Personally I prefer the Enve wheels, quite lighter, no old school carbon weave but they might be harder to find at a comparable price to the Mavics... But the Mavics are still very good wheels.

There are probably a bunch of other wheelset options to consider (others might chime in) but I have more experience with Enve and Mavics in recent years. You could also be looking at having a custom wheelset built with your favorite hubs and rims, usually can be a good value if you're not in a rush to get it ready to roll immediatly...

captainolek
Posts: 22
Joined: Sat May 04, 2019 5:09 pm

by captainolek

Thanks a lot @Dan Gerous - much appreciated. Last question: which tubeless tyres would you recommend based on your experience? (both to go with the Mavic UST system - as I guess it's certainly possible to use non-Mavic tyres with their tubeless-ready rims - and with other wheels).

I just bought the eTap one and will now focus on upgrading the wheels. So excited to get the bike and start riding it.

Thanks a lot guys for your help :-)

captainolek
Posts: 22
Joined: Sat May 04, 2019 5:09 pm

by captainolek

Hi guys,

Following-up on my new Canyon purchase...as mentioned above, I would like to ride 28mm tyres and was also thinking of going tubeless (if with Mavic UST, otherwise I'm also happy to keep tubes). I'm therefore considering the below options. Could you please help me to determine what's the best value for money (the amount in brackets corresponds to the extra money I'd have to spend after selling my wheels):

- Mavic Ksyrium Pro UST (+280€, new)
- DT Swiss PRC 1400 Spline 65 (+600€, second-hand)
- Mavic Cosmic Pro Carbon UST (+700€, new)

If going with DT Swiss, would you recommend to go tubeless? If so, which tyres would you choose?

Or would you simply recommend to keep my current non-tubeless-ready wheels?

Thanks a lot for your help :-)

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Dan Gerous
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Joined: Sun Aug 12, 2007 6:28 pm

by Dan Gerous

Wheelsets, there is no right or wrong, three good choices, but very different ones. What are you looking for? What terrain do you typically ride? Big mountains? Flatter roads? Short hills and a bit of everything? Taller rims are typically heavier than lower ones but will be faster through the air, more suited to flatter terrain.. But in your three choices, weights look to be in the same range so I wouldn't say one is a better choice for climbing than the others, but the taller aero rim of the DT should be faster the faster you go, followed by the Cosmics and the Ksyrium much slower. But Ksyriums are cheaper and for tubeless use, they all work but it's easier with Mavic UST rims with Mavic UST tires. But unless you go with the Mavic with the 'SL' designation, it's not much of an upgrade over the stock wheels that comes with the bike IMO, weight is similar. It comes down to how much you really want to go tubeless.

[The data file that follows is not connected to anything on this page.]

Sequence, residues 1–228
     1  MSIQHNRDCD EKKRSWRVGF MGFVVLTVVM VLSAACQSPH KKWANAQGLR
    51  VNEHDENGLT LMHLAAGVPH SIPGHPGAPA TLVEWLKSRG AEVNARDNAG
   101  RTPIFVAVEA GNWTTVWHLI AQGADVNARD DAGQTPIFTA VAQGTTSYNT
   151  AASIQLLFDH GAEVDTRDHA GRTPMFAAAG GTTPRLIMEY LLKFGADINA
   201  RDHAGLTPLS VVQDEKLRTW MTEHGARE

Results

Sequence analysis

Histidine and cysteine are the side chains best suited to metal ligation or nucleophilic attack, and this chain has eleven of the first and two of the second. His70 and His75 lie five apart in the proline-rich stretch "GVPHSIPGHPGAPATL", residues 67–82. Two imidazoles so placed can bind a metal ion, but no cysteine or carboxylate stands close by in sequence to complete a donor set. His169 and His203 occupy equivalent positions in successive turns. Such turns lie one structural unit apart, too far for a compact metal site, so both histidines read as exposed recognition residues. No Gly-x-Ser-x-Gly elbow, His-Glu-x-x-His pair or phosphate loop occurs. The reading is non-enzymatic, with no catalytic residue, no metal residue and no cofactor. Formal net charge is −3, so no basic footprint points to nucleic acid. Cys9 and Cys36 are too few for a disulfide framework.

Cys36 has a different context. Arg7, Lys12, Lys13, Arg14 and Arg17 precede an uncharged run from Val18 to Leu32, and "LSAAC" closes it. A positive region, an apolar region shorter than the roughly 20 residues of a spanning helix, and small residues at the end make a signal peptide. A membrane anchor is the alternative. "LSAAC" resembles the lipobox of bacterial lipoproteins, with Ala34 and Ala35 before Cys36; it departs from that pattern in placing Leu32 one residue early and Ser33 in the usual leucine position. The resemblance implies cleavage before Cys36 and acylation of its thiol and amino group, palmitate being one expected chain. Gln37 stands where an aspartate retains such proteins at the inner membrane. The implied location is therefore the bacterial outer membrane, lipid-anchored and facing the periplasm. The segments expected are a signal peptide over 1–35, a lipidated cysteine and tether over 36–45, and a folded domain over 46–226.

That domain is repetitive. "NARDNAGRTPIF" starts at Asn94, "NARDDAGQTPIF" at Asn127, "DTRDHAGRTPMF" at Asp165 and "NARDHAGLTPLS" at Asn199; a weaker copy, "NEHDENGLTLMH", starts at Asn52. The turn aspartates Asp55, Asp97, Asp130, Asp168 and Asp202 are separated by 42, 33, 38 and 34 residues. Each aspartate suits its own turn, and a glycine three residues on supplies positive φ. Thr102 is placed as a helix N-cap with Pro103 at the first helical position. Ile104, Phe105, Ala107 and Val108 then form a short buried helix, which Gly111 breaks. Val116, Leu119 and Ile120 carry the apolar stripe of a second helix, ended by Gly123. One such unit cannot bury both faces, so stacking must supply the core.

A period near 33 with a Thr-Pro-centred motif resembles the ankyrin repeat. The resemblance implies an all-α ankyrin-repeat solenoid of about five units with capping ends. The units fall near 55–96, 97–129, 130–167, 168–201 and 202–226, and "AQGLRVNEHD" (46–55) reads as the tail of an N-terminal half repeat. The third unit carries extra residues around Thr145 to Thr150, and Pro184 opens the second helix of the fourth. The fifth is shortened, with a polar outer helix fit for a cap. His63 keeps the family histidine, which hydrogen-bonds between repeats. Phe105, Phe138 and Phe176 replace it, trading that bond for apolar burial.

You'll get opposite opinions about road tubeless, some swear by it, others don't see the point, there are probably a thousand threads on that I guess. My personal take is it's worth the trouble if you puncture quite often or if you like very low pressures, if you don't I'd stick with tubes. Tubes keep air longer (with butyl tubes), don't require sealant top off every month or so (depends of your climate and what sealant you use but they do dry out over time), less messy to change tires...

In theory, tubeless tires roll easier so faster at the same wattage but that's only true at the same pressures. In reality, you wont run tubeless road tires at the same pressures as tubed tires, you need to run much lower pressures so they feel good, and typically if you compare optimal pressure for tubeless vs optimal pressure with tubes, tubeless will roll slower mostly because tubeless tires have thicker and stiffer casings than good non tubed tires with much more supple casings. This is subjective as what feels good can be different for everyone. If someone gives more importance to pure speed, grip or comfort or if you just don't like the more dead, 'vague', isolated from the road feel of low pressure versus feeling a bit more connected with the road... it's kind of like bar tape, some prefer thick and cushioned, others thin and direct... I personaly tried tubeless for a season, found more cons than pros, went back to tubes. I think tubeless makes a lot of sense for mountain bikes where you want ridiculously low pressure so tires can deform and grip wet rocks, roots, absorb shocks... To a point they can make sense for gravel bikes for similar reasons and because on irregular surfaces like gravel, softer becomes faster, but on the road where I can already set the pressure as low as I want and still not be concerned by pinch flats, I don't see much point with tubeless, I'm more a thin bar tape with no gloves kind of guy though and with tubes, I only flat once or twice per year.

by Weenie


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Noctiluxx
Posts: 810
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by Noctiluxx

Option #2. This is not complicated. Better wheels, better drivetrain.
2018 Bianchi Oltre XR4, (Celeste Matt)
2018 De Rosa SK Pininfarina (Blu)
2019 Trek Madone SLR (Rage Red)
2019 Giant TCR Advanced SL (Chameleon Blue)
2019 Giant Revolt Advanced 0